The Impact and Malleability of Money Design

Christine Desan –

9780674970953Mehrsa Baradaran’s book teaches us that money has a color, an arresting proposition to fans and foes of capitalism alike.   As she points out, economic orthodoxy posits that the transactional medium is itself a formal instrument:  money expresses but does not affect the value of the substances it measures.  Critics of that orthodoxy agree even as they bemoan the results:  money denies through its very impersonality the social substrate of exchange.  Against that commonsense, Baradaran directs us to consider how the institutions of money creation in the United States – commercial banks – have systemically originated money in white hands over decades.  That is, considering money as a process – asking how value is packaged into the everyday units we call dollars and injected into circulation – reveals that we have designed a market that is racially discriminatory in its very medium.

Baradaran challenges us to recognize how much determinations about money’s design matter.  That proposition is particularly striking because they are also remarkably malleable:  altering the institutions that deliver credit in money can change the way people and groups relate to one another.  I want to underscore Baradaran’s argument about the practice of black banking by exploring an alternative vision.  Only when the monetary project of the agrarian populists failed did Americans settle on the exclusionary system that Baradaran describes.  The contrast suggests that designing money is shaping community; it can bring people together or set them at each other’s throats.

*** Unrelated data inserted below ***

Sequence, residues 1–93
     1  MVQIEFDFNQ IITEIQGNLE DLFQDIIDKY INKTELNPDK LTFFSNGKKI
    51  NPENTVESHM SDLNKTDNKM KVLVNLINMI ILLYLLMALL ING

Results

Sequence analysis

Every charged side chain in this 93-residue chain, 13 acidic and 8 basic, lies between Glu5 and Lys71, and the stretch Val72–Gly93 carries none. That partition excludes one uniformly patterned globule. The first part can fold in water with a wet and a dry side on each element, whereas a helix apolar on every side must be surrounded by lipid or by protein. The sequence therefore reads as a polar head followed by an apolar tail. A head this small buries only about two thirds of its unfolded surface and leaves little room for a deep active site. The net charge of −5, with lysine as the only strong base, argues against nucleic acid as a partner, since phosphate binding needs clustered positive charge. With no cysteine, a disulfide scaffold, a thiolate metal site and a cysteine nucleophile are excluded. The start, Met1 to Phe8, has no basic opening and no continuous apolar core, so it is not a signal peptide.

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Symposium: The Color of Money & Racial Capitalism

Mehrsa Baradaran –

9780674970953When I started research on the project that became The Color of Money, I wanted to write a book about racial disparities in access to credit. When I started digging into the history, I started to realize that there was a much bigger story here, one that undermined one of the most basic neoliberal myths about the free market. This history of black banks and the economy of segregation reveals how inextricably financial markets are tied to racial exploitation, and how the dominant economy can continue to extract from racially subordinated groups through “color-blind” market mechanisms.

I hope that the upcoming symposium on The Color of Money will help connect the historical work to contemporary law, building on LPE’s commitment to understanding and reversing the many structures of racial capitalism.

In particular, I try to debunk three market myths in the book:

  1. That money, markets, and trade exist outside the realm of political power
  2. That inequality is a natural byproduct of market forces rather than being created by the state
  3. And that people left outside of the structures of power can overcome their exclusion through local institutions or self-help

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